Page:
Mario: Yes. As a matter of fact, at the time of writing (late December 2012) the DLP and the Ministry is involved in completing a comprehensive review of a large volume of feedback from the public on the National Pensions Bill 2012.
In addition to the Chamber’s comprehensive 47-page representation, there has also been written comments from the Cayman Islands Monetary Authority, a number of administrators and other interest groups, and tremendous feedback from a public/online survey, to list the main sources. All representation will be considered and examined and a revised and/or amended bill will be forthcoming, subject to drafting resources and Cabinet consideration.
Chamber: What actions will be taken by your department to investigate employers that fail to pay the required pensions for their staff?
Mario: At the present time, the DLP, with full support from the Ministry, the National Pensions Board, and the Office of Complaints commissioner, is involved in a number of special projects, using in-house and temporary staff assistance.
These projects involve the resolution of a high volume of unresolved pensions complaints, as well as the rationalisation and pursuit of employer delinquency reports; the results of these investigative projects could result in a menu of options to be pursued by the officers in the NPO.
At the same time, the DLP continues its efforts toward public engagement/awareness. New strategies will involve a more agile and immediate system of sanctions, particularly the new administrative (fixed penalty regime) fines.
However, to augment this, the department’s officers in the NPO will work with employers to regain compliance where reasonable and prudent, resorting to prosecution as and when necessary.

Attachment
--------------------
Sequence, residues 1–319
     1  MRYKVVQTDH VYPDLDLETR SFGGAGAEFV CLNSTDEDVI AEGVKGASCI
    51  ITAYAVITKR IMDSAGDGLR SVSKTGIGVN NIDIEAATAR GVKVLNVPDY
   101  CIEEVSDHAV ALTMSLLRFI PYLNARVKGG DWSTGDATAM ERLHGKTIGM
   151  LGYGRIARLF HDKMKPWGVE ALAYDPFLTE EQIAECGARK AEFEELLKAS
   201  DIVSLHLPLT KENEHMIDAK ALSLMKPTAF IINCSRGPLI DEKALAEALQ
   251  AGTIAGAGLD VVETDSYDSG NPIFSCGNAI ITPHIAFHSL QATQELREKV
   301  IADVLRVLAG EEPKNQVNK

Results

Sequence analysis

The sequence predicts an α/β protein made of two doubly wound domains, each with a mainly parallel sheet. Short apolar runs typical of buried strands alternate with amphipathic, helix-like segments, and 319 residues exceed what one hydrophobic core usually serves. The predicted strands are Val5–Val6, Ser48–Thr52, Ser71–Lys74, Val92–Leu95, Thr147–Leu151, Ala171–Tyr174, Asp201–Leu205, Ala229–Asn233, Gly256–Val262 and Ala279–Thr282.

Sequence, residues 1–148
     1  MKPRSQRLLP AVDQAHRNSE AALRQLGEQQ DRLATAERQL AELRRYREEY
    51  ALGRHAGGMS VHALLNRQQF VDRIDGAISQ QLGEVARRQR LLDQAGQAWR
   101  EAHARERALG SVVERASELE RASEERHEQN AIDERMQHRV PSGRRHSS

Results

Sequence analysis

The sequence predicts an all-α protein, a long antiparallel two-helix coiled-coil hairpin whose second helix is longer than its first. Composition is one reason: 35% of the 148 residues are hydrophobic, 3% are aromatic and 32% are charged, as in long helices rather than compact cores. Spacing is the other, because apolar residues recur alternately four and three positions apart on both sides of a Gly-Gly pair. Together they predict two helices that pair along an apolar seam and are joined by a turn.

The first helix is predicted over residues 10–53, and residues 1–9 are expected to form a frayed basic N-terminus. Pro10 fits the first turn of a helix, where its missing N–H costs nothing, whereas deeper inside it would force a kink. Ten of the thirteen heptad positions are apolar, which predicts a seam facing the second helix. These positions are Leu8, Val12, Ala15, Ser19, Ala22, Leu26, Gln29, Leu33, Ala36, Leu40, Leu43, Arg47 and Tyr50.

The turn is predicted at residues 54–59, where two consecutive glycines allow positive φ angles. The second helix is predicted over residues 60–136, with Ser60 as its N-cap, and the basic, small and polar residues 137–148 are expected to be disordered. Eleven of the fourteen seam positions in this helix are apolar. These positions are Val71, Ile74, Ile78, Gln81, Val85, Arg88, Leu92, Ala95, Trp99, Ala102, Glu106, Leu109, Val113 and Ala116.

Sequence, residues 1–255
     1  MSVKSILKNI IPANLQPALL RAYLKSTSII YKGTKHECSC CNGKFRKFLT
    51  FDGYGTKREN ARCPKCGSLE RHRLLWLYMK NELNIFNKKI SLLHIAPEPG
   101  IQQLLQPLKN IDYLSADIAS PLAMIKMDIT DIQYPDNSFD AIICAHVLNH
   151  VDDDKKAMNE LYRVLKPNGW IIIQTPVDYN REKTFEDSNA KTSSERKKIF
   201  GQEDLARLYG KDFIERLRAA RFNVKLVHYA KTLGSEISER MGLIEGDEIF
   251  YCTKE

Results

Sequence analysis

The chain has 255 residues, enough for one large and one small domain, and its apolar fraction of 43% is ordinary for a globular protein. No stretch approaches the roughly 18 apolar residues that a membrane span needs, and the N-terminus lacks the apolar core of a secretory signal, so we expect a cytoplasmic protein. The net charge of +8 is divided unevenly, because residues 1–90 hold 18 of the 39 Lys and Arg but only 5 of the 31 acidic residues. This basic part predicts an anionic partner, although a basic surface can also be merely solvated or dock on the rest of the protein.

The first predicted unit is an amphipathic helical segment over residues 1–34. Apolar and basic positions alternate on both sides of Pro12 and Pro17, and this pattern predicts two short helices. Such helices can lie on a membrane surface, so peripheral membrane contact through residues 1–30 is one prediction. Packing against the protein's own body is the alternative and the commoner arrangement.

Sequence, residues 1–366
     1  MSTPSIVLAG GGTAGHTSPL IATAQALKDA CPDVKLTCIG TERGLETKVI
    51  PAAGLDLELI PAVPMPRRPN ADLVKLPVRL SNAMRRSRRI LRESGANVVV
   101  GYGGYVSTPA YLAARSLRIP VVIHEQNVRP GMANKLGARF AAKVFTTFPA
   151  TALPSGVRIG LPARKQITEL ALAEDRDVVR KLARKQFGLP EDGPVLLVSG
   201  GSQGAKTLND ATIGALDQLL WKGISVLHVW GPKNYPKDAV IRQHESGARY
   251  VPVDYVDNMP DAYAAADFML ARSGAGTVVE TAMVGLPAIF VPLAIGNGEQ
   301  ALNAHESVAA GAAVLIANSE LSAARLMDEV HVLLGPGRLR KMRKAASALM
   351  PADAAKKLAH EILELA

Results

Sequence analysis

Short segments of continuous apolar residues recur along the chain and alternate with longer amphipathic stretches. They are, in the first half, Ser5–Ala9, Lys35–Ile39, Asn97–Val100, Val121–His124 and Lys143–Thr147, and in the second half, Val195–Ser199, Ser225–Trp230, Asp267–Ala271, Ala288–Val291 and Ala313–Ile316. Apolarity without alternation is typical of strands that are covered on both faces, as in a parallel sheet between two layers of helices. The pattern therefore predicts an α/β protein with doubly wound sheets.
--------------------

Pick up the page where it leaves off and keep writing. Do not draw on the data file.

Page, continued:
Chamber: Looking ahead in three years time, how would you like to see the department functioning and what impact do you see this having on employer/employee relations in the Cayman Islands?
Mario: In three years from now, or less, I hope that we can see the fruition of the Workplace Excellence Initiative, which is to be as part of the department’s strategic plan. The initiative will involve all stakeholders in a partnership and empowering each of them (employers, employees, professional and trade associations, counterpart regulators, media, social media and website presence and one-on-one stakeholders’ engagement).
Key performance results of a successful initiative should achieve a significant reduction in: complaints/disputes, occupational safety and health breaches or accidents, hearings or enforcement orders, or tactical response inspections or prosecutions.
As a service economy, where the clients of both major sectors, financial services and tourism, are very discerning, it is critical for employers to adopt best practices in the motivation and retention of talent, and it is also critical that the employee recognises the importance of their role and take full ownership for the delivery of reliable and high-quality service through outstanding performance, conduct and work ethic.
Chamber: What action is the department taking to encourage best practices in employers and employee relations?
Mario: When I joined the department in April 2012 (after working part-time to transition for a couple of months) I realised that there was a tremendous amount of work to be done with the realignment new DLP, which is an amalgamation of part of the previous DER with the NPO.
Two of the many areas included ensuring that the staff in the department have a genuine understanding of their purpose and from there educate them on the new vision, mission and values of the organisation and, in particular, to solicit their partnership and cooperation. The other area for urgent attention was the streamlining of processes and the formulation of standard operating procedures; this project is a work in progress.
However, as companion measures the Department has been active on many fronts and will continue to build on these areas in 2013. This includes the free distribution and ease of access of the Labour Law and the National Pensions Law, as many employers seemingly did not have copies of this important legislation.
We have also developed and/or streamlined a number of courses, ranging from Labour Law Fundamentals, to Occupational Health and Safety for the hospitality industry (Hotels).